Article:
Dash of SALT

North Carolina State Tax Updates

For the latest news and updates on North Carolina state and local tax

December 23, 2022

North Carolina Supreme Court Confirms Sales and Use Tax Assessment

Authored by: Brandon Vance and Katie Szymanski, CPA

On December 16, 2022, the North Carolina Supreme Court upheld the Department of Revenue’s (“DOR”) assessment of sales tax against a Wisconsin based printing company. The DOR had previously assessed sales tax on years’ of sales of printed materials shipped into North Carolina via common carrier. In upholding the assessment, the North Carolina Supreme Court cited four reasons:

  1. The transactions at issue satisfied the Complete Auto standard for imposition of a tax on interstate commerce;
  2. The tax was fairly apportioned;
  3. The tax was non-discriminatory; and,
  4. The tax was connected to public services that assisted the company’s business.

If you have questions about whether your business is obligated to collect and remit sales and use tax, please contact a member of the Withum SALT Team.

December 16, 2022

North Carolina Passthrough Entity Tax – Updated Guidance

Authored by: Zhoudi Tang, MST, CPA and Jessie Racioppi

On December 2, 2022, the North Carolina Department of Revenue issued guidance on how S corporations and partnerships should make the Passthrough Entity Tax election and estimated payments for tax years beginning on or after January 1, 2023. S corporations should use form CD-429 PTE to make the PTE election and partnerships must use form NC-40 PTE. North Carolina does not require electing passthrough entity nonresident owners to file an individual North Carolina return when their only income from North Carolina sources is their respective share of pass-through entity income. If a nonresident owner has other North Carolina source income that is not covered by a pass-through entity tax election, they are required to file a North Carolina income tax return, and they will claim a credit for the PTE tax paid on their behalf. PTE estimated payments are due on April, June, September, and December 15th. Unlike many states, overpayments of estimated PTE tax by the PTE will be refunded to the entity, not the individual owners.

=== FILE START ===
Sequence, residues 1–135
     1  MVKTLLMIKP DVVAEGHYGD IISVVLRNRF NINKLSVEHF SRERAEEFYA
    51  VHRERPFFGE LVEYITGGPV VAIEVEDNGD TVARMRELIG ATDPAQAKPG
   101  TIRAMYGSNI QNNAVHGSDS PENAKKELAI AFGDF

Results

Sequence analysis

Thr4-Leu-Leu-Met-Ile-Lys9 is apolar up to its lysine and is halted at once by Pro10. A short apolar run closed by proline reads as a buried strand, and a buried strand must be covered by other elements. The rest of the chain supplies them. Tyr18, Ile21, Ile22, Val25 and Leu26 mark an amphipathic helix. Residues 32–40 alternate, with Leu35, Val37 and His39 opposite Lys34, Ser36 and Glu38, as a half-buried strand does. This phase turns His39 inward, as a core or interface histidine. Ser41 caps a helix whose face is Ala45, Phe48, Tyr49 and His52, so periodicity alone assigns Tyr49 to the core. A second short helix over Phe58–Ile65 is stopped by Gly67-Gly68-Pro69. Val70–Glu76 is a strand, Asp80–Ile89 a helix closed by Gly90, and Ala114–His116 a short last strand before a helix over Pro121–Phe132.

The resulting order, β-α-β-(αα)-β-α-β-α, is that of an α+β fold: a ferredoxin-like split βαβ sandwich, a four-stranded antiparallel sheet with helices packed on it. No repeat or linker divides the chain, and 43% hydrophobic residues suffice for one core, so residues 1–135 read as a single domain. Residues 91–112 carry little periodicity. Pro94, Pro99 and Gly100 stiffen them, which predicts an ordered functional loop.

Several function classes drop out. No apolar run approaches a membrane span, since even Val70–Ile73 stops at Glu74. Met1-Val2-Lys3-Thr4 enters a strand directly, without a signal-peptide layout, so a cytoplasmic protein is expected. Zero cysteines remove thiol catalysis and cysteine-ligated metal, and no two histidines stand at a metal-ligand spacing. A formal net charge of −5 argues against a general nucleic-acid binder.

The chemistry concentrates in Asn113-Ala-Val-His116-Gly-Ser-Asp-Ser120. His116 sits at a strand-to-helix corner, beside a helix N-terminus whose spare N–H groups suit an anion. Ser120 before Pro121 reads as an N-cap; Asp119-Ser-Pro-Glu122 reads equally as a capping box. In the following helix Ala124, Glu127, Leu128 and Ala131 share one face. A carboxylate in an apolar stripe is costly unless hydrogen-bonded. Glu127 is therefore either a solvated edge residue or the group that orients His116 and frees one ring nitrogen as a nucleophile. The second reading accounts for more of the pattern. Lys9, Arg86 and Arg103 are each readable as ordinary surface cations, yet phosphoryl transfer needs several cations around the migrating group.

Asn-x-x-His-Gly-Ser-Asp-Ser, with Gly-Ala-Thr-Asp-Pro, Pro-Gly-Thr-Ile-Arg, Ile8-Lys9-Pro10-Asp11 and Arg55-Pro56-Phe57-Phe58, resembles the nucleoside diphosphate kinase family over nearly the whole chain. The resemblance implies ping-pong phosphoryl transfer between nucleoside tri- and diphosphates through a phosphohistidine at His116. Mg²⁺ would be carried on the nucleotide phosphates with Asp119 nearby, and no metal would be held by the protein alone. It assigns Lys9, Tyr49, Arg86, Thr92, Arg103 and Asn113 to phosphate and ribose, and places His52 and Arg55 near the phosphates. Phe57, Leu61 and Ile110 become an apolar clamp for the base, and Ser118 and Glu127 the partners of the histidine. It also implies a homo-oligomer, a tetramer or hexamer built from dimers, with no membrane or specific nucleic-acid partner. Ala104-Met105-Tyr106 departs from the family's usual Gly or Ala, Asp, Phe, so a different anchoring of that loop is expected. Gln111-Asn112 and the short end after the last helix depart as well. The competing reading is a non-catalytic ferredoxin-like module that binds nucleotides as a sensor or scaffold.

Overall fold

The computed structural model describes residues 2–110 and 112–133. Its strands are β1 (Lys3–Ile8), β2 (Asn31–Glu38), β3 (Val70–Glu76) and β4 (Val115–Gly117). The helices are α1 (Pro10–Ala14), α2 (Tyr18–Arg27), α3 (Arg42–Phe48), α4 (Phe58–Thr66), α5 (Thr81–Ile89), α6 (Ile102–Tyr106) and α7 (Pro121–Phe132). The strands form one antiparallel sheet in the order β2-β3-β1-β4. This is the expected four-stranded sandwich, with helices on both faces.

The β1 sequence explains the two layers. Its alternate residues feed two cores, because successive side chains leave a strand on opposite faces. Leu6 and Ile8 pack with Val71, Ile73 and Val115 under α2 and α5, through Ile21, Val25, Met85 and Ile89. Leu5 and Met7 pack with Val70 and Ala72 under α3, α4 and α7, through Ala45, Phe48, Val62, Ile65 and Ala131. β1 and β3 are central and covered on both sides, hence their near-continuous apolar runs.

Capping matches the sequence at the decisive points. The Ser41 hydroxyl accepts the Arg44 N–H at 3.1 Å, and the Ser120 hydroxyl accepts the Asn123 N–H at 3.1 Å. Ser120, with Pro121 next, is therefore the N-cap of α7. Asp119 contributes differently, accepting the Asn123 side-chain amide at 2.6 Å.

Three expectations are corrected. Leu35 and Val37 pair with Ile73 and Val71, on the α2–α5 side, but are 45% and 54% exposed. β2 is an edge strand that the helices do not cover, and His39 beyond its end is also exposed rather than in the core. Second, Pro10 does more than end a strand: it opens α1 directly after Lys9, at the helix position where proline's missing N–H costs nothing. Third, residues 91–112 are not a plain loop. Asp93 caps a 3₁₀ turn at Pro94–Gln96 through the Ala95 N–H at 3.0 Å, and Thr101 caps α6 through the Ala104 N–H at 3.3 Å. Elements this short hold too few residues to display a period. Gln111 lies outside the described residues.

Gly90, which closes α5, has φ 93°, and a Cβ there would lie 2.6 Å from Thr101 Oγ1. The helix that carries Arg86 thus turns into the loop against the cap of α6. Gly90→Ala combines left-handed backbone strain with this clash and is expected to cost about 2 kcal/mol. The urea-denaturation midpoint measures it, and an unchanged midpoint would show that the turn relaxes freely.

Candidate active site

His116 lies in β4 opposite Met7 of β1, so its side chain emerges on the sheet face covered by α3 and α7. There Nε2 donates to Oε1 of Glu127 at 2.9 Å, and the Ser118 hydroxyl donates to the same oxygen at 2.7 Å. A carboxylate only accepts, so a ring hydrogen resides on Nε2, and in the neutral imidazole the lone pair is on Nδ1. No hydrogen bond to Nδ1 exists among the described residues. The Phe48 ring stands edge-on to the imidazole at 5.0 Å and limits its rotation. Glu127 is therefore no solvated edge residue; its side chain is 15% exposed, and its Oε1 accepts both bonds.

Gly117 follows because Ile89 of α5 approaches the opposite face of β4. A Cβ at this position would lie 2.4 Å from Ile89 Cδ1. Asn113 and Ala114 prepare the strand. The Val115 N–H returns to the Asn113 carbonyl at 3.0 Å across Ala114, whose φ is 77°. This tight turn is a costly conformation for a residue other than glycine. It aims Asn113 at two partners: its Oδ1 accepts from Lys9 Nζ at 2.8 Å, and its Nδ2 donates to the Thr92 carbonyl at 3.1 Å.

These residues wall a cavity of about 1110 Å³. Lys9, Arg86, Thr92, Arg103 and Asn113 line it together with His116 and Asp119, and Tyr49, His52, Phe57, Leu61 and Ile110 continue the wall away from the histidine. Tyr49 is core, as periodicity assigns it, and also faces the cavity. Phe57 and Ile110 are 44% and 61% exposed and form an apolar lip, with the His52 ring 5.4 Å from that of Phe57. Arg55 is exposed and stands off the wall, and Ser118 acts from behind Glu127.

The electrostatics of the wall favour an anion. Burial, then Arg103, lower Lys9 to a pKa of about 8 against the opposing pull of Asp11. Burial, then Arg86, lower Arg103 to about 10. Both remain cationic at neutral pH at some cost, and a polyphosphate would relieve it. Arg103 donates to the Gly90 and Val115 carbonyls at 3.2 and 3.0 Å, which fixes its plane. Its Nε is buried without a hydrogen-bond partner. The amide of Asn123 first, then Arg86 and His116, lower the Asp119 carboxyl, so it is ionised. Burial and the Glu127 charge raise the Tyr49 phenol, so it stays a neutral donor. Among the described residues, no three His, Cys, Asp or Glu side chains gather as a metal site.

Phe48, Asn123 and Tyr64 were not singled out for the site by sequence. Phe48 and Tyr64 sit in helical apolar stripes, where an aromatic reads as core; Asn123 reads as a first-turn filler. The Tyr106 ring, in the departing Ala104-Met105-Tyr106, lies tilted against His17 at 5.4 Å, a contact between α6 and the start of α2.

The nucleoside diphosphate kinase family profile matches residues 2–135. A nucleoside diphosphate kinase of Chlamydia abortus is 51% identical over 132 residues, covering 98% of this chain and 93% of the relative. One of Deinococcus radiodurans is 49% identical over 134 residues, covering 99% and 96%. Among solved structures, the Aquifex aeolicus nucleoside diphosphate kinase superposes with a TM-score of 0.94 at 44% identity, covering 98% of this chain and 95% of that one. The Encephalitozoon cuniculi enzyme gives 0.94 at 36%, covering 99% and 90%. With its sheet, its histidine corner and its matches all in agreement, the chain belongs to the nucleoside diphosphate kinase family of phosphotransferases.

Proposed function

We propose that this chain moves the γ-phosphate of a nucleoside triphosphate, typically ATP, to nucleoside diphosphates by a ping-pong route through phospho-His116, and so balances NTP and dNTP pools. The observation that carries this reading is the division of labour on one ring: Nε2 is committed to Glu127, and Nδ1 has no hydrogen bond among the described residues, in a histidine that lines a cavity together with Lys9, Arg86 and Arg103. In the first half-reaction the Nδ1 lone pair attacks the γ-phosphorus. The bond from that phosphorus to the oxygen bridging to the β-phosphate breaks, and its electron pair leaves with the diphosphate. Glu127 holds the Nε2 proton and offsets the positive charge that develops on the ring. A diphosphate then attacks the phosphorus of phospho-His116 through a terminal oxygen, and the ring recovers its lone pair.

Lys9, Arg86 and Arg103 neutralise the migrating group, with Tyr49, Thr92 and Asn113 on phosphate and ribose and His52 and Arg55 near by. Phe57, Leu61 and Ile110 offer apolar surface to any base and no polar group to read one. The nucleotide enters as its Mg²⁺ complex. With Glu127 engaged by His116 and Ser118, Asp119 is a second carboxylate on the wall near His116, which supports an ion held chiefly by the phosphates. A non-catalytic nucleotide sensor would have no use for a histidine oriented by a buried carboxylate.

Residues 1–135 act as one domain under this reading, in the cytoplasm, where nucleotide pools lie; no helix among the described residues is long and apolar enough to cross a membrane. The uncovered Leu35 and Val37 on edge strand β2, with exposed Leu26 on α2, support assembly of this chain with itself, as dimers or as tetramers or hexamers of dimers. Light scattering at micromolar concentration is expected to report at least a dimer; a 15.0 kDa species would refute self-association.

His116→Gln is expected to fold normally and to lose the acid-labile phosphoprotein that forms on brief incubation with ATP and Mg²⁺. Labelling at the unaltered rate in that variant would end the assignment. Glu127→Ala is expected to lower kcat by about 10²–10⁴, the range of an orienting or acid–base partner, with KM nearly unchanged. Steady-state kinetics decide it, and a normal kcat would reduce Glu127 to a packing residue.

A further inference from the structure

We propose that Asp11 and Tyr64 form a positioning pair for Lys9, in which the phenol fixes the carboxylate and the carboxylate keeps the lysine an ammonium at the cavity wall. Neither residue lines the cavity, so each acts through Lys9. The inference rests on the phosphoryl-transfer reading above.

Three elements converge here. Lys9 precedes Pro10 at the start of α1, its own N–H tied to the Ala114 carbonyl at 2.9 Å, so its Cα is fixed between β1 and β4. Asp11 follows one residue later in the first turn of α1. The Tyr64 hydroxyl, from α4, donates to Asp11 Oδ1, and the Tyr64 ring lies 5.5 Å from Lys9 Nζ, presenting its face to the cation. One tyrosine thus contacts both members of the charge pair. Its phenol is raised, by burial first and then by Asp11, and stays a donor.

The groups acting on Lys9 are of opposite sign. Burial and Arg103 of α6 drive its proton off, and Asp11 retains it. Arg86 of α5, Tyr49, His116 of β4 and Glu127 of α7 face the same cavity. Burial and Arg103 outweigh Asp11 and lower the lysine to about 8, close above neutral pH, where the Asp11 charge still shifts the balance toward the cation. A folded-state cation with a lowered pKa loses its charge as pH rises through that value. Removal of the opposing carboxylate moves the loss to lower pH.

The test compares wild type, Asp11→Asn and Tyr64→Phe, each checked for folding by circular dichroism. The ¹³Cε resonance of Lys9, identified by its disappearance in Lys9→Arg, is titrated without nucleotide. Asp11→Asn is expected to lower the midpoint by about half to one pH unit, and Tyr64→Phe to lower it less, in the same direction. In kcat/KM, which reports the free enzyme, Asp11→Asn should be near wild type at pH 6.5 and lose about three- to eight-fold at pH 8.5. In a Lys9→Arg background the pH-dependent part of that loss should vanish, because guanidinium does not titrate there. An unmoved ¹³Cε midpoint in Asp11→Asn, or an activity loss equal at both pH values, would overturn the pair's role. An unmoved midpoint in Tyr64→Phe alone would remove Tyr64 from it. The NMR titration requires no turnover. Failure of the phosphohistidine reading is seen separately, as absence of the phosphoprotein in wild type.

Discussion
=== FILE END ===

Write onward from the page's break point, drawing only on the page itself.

If you have questions about state PTE taxes, please reach out to a member of the Withum SALT Team.

November 23, 2021

North Carolina Signs Budget That Phases Out Corporate Income Tax, Lowers Individual Income Tax, and More…

The governor of North Carolina signed a two-year $52.9 billion budget that makes extensive changes to the state’s tax laws. The signed budget phases out the state’s corporate income tax by 2030, and in doing so, will become the seventh state without a corporate income tax. The state will also reduce the personal income tax rate from 5.25% to 3.99% over a period of six years.

North Carolina Budget Creates a Pass Through Entity Tax